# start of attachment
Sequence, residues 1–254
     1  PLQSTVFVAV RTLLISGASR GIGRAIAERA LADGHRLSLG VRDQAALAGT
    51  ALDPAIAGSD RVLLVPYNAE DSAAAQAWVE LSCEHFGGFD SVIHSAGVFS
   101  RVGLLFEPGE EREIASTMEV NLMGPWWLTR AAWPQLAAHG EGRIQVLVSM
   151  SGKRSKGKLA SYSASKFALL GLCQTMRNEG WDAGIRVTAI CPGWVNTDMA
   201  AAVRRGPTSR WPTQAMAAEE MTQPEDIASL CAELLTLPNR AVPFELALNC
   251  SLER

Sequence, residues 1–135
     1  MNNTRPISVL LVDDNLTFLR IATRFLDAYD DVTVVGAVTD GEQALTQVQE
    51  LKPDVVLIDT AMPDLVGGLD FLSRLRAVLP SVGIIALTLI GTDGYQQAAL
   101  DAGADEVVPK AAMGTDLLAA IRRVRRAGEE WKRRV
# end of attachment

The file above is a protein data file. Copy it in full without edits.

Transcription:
Sequence, residues 1–254
     1  PLQSTVFVAV RTLLISGASR GIGRAIAERA LADGHRLSLG VRDQAALAGT
    51  ALDPAIAGSD RVLLVPYNAE DSAAAQAWVE LSCEHFGGFD SVIHSAGVFS
   101  RVGLLFEPGE EREIASTMEV NLMGPWWLTR AAWPQLAAHG EGRIQVLVSM
   151  SGKRSKGKLA SYSASKFALL GLCQTMRNEG WDAGIRVTAI CPGWVNTDMA
   201  AAVRRGPTSR WPTQAMAAEE MTQPEDIASL CAELLTLPNR AVPFELALNC
   251  SLER

Sequence, residues 1–135
     1  MNNTRPISVL LVDDNLTFLR IATRFLDAYD DVTVVGAVTD GEQALTQVQE
    51  LKPDVVLIDT AMPDLVGGLD FLSRLRAVLP SVGIIALTLI GTDGYQQAAL
   101  DAGADEVVPK AAMGTDLLAA IRRVRRAGEE WKRRV